It’s been a cracking day in the Alps – with bright sunshine, fresh snow and lowish temperatures all on offer.
But the weather’s looking changeable now in the run-up to Christmas. There’ll be an unwelcome spell of warmer temperatures at the weekend – with occasional rain on the lower slopes, especially in the western Alps. Temperatures will drop again on December 25, but may bounce back before New Year.
The good news is that most resorts will weather the thaw with ease – even if conditions on the mildest, wettest days are likely to test everyone’s patience, as well as their ski clothing (make sure you’re wearing your most efficient base layer if it’s soggy).
Across the northern Alps, the last ten days of generally wintry conditions have made a big difference to the quality of the snow. There’s white stuff lying right down to the valley floors, and up above about 1500m the cover is very respectable for the time year. Above 2500m it’s excellent. For example, in the Tirol, St Anton reports 110cm of snow packed down at St Christoph, and 130cm on the Valluga, at the top of the ski area. Meanwhile, in Val d’Isere, they’ve got a metre of snow packed down on the valley runs at 1850m, and 160cm at 3000m.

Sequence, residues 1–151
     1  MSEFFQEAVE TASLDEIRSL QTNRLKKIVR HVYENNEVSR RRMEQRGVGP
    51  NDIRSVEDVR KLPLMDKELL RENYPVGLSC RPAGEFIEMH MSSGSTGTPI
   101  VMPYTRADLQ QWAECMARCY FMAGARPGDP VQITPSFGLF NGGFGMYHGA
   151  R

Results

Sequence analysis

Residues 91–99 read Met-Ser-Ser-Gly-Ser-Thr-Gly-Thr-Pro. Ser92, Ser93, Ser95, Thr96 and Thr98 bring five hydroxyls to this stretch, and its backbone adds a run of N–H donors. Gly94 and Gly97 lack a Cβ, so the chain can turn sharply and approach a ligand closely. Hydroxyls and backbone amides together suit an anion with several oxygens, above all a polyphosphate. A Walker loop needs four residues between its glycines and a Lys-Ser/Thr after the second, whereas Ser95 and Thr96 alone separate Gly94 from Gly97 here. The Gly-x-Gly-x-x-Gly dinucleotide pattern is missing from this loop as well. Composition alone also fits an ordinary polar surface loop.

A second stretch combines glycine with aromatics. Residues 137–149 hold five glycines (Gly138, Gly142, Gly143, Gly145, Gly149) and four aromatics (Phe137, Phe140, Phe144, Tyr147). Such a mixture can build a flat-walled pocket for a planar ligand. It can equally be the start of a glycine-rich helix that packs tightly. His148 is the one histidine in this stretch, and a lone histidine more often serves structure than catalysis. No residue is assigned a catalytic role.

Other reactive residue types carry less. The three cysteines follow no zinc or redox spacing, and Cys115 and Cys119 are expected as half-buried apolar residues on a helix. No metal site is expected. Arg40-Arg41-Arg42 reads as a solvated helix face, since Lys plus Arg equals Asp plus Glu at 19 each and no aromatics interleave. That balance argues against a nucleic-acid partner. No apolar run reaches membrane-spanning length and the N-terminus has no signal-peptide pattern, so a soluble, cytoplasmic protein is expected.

Here, the quality of the snow down to Arc 1600, on its cold, north-facing slopes, was generally excellent, although it was a little crispier towards Arc 1800 where the sun had got to it. Above 2000m it was a dream: soft, light and super-grippy. Snow depths are 40cm on the lowest runs and 155cm 3000m on the Aiguille Rouge.
As a result of the pre-Christmas thaw these snow depths will be thinner on the lower slopes – and deeper up top, where all the precipitation will fall as snow. So if you’re planning a last-minute festive escape, I’d counsel aiming high when you pick your resort. To get the best snow you need access to plenty of pistes above 2000m.
Meanwhile, in most Italian resorts they’ve had less snow than in the north. However, my fellow editors have had some great skiing on-piste above Champoluc, in the Aosta Valley, over the last couple of days – although the lowest run back to the resort is closed.
Here’s how it looked there yesterday.
And here’s how it looked above Canazei in the Italian Dolomites today.
As you can see, the pistes are looking thick and white, which is just what you’d expect in a resort with one of the world’s best snow-making systems. But the cover is much thinner away from the groomed runs.